Tuesday, September 21, 2004
From Newsweek (via Cursor):
The Iran crisis is more immediate in the eyes of the Bush administration, in part because Iran is among the president's "Axis of Evil." Israel, which has long regarded Iran as a more dire threat than Iraq, is making thinly veiled threats of a unilateral pre-emptive attack, like its 1981 airstrike against Iraq's Osirak nuclear reactor. "If the state decides that a military solution is required, then the military has to provide a solution," said Israel's new Air Force chief of staff, Maj. Gen. Elyezer Shkedy, in a newspaper interview last week. "For obvious reasons," he added, "we aren't going to speak of specifics." U.S. defense experts doubt that Israel can pull it off. Iran's facilities (which it insists are for peaceful purposes) are at the far edge of combat range for Israel's aircraft; They're also widely dispersed and, in many cases, deep underground.
But America certainly could do it—and has given the idea some serious thought. "The U.S. capability to make a mess of Iran's nuclear infrastructure is formidable," says veteran Mideast analyst Geoffrey Kemp. "The question is, what then?" NEWSWEEK has learned that the CIA and DIA have war-gamed the likely consequences of a U.S. pre-emptive strike on Iran's nuclear facilities. No one liked the outcome. As an Air Force source tells it, "The war games were unsuccessful at preventing the conflict from escalating."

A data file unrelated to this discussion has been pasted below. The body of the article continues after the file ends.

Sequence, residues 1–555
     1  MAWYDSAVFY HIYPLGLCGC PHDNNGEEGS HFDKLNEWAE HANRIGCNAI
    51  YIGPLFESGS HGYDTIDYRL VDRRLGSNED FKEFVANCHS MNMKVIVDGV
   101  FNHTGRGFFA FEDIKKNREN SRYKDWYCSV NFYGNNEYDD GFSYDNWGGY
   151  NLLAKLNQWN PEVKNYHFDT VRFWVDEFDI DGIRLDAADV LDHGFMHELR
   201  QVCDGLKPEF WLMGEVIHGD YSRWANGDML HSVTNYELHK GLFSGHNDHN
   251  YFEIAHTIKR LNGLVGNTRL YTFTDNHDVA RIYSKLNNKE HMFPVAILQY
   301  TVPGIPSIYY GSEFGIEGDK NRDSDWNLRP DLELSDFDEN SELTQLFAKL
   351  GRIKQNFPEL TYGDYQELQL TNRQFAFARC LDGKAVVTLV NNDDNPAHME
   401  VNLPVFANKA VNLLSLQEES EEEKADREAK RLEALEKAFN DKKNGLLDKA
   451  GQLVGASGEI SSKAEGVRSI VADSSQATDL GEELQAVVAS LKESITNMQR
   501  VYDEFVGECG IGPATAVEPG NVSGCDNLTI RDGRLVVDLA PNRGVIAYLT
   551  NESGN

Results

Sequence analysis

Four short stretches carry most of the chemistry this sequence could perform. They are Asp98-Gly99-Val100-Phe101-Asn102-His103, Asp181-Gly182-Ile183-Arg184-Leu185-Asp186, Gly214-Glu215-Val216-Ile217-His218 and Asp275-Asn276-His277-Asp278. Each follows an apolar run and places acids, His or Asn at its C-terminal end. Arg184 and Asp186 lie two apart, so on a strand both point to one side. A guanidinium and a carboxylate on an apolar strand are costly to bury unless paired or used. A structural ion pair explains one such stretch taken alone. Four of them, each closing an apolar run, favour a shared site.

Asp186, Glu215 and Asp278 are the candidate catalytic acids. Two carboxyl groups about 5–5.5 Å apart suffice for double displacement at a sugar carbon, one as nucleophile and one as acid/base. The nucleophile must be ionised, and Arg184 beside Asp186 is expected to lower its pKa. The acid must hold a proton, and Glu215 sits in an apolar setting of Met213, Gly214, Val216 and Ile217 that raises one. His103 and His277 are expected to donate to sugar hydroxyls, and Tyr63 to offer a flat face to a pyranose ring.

Instead, administration hawks are pinning their hopes on regime change in Tehran—by covert means, preferably, but by force of arms if necessary. Papers on the idea have circulated inside the administration, mostly labeled "draft" or "working draft" to evade congressional subpoena powers and the Freedom of Information Act. Informed sources say the memos echo the administration's abortive Iraq strategy: oust the existing regime, swiftly install a pro-U.S. government in its place (extracting the new regime's promise to renounce any nuclear ambitions) and get out. This daredevil scheme horrifies U.S. military leaders, and there's no evidence that it has won any backers at the cabinet level.